Many Europeans later spoke of the Seven Pagodas following travelers to their colonies in India. The first to write of them was John Goldingham, an English astronomer living in Madras in the late 18th and early 19th centuries. He wrote an account of his visit and the legend in 1798, which was later collected by Mark William Carr in his 1869 book Descriptive and Historical Papers Relating to the Seven Pagodas on the Coromandel Coast. Goldingham mainly described art, statues, and inscriptions found throughout the archaeological site at Mahabalipuram. He copied many of the inscriptions by hand, and included them in his essay. Goldingham interprets most of the signs as picture-symbols, and discusses what meaning their shapes may have (Goldingham, 30-43). Interestingly, Benjamin Guy Babington, author of another essay in the same volume, identified several of the figures in Goldingham’s copied inscriptions as Telugu letters (Goldingham, 43). Babington’s note on the text is included as a footnote to Goldingham’s work.
In 1914, British writer J.W. Coombes related the common European belief on the origin of the pagoda legend. According to him, the pagodas once stood on the edge of the shore, and their copper domes reflected sunlight and served as a nautical landmark. He claims that modern people do not know for sure how many pagodas once existed. He believes that the number was close to seven (Coombes, 27).
N. S. Ramaswami places much of the responsibility for the myth’s European propagation on the poet Robert Southey, who mentioned it in his poem “The Curse of Kehama,” published in 1810 (Ramaswami, 205). He refers to the city by another of its popular names, Bali. In his poem, Southey clearly states that more than one of the Seven Pagodas is visible (See stanza 4). Southey told romantic tales of many cultures around the world, including India, Rome, Portugal, Paraguay, and Native American tribes, all of which were based on accounts of others’ travels, and his own imagination. “The Curse of Kehama” certainly played a role in rising Orientalism.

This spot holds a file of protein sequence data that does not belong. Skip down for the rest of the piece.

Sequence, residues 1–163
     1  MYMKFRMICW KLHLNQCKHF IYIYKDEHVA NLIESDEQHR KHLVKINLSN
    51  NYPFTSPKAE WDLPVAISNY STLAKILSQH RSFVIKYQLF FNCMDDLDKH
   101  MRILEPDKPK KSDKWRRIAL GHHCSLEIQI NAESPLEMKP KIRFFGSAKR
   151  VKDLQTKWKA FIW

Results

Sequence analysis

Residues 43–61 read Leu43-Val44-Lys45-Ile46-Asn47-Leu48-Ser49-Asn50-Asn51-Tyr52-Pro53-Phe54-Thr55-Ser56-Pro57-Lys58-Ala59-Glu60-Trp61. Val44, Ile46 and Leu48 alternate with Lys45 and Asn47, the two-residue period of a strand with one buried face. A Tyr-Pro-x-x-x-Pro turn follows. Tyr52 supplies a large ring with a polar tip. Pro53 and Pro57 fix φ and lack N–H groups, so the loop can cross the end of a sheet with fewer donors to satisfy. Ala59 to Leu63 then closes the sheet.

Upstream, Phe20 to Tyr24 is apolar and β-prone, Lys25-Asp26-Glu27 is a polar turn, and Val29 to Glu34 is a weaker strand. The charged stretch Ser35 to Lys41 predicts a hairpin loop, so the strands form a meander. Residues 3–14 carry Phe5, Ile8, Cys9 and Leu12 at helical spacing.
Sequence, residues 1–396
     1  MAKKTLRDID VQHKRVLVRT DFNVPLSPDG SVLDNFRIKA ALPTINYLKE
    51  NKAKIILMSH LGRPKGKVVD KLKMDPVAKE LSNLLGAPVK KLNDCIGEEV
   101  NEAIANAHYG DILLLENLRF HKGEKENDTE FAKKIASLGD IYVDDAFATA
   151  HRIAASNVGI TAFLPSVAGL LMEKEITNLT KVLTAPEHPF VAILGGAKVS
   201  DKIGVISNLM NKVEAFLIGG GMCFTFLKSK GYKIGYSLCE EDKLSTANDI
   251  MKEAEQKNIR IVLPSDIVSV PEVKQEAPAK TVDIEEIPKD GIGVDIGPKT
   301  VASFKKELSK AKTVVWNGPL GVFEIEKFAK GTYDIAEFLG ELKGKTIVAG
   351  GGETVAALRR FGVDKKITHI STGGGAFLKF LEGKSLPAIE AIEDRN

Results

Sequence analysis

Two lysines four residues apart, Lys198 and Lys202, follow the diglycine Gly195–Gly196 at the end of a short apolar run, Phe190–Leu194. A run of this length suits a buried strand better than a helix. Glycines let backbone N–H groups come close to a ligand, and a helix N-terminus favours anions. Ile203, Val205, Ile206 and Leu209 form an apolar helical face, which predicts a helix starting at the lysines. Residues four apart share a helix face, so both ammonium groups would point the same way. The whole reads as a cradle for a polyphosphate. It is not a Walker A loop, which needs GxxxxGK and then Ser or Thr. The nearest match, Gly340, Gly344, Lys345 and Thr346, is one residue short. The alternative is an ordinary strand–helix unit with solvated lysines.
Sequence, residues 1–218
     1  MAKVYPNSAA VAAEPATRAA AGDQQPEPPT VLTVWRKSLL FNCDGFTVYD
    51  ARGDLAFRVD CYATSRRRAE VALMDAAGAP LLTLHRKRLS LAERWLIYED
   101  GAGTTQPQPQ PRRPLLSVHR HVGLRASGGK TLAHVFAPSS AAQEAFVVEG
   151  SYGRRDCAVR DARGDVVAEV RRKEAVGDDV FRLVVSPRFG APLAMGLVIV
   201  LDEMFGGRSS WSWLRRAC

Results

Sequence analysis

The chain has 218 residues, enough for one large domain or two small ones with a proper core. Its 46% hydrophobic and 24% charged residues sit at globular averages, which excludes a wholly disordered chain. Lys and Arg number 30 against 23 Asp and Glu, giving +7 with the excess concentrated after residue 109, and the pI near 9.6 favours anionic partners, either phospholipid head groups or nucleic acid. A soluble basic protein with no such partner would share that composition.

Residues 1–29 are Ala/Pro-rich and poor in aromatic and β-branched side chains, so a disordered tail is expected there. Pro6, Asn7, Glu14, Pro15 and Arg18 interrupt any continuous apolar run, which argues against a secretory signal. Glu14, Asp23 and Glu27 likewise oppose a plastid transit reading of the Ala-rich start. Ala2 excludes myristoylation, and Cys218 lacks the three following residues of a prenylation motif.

Ramaswami’s words for European explorers are not entirely negative. He notes that, before Europeans began to visit South India toward the beginning of the Raj, many of the smaller monuments at Mahabalipuram were partially or entirely covered with sand. The colonizers and their families played an important role in uncovering the archaeological site in their free time. Once early English archaeologists realized the extent and beauty of the site, toward the end of the eighteenth century, they appointed experienced antiquarians such as Colin Mackenzie to preside over the dig (Ramaswami, 210).
Before the tsunami that occurred on December 26, 2004, evidence for the existence of the Seven Pagodas was largely anecdotal. The existence of the Shore Temple, smaller temples, and rathas supported the idea that the area had strong religious significance, but there was little contemporary evidence save one Pallava-era painting of the temple complex. Ramaswami wrote in his 1993 book Temples of South India that evidence of 2000 years of civilization, 40 currently visible monuments, including two “open air bas-reliefs,” and related legends spreading through both South Asia and Europe had caused people to build up Mahabalipuram’s mystery in their minds (Ramaswami, 204). He writes explicitly that “There is no sunk city in the waves off Mamallapuram. The European name, ‘The Seven Pagodas,’ is irrational and cannot be accounted for” (Ramaswami, 206).
Anecdotal evidence can be truthful though, and in 2002 scientists decided to explore the area off the shore of Mahabalipuram, where many modern Tamil fishermen claimed to have glimpsed ruins at the bottom of the sea. This project was a joint effort between the National Institute of Oceanography (India) and the Scientific Exploration Society, U.K (Vora). The two teams found the remains of walls beneath 5 to 8 meters of water and sediment, 500 to 700 meters off the coast. The layout suggested that they belonged to several temples. Archaeologists dated them to the Pallava era, roughly when Mahendravarman I and Narasimharavarman I ruled the region (Vora). NIO scientist K.H. Vora noted after the 2002 exploration that the underwater site probably contained additional structures and artifacts, and merited future exploration (Vora).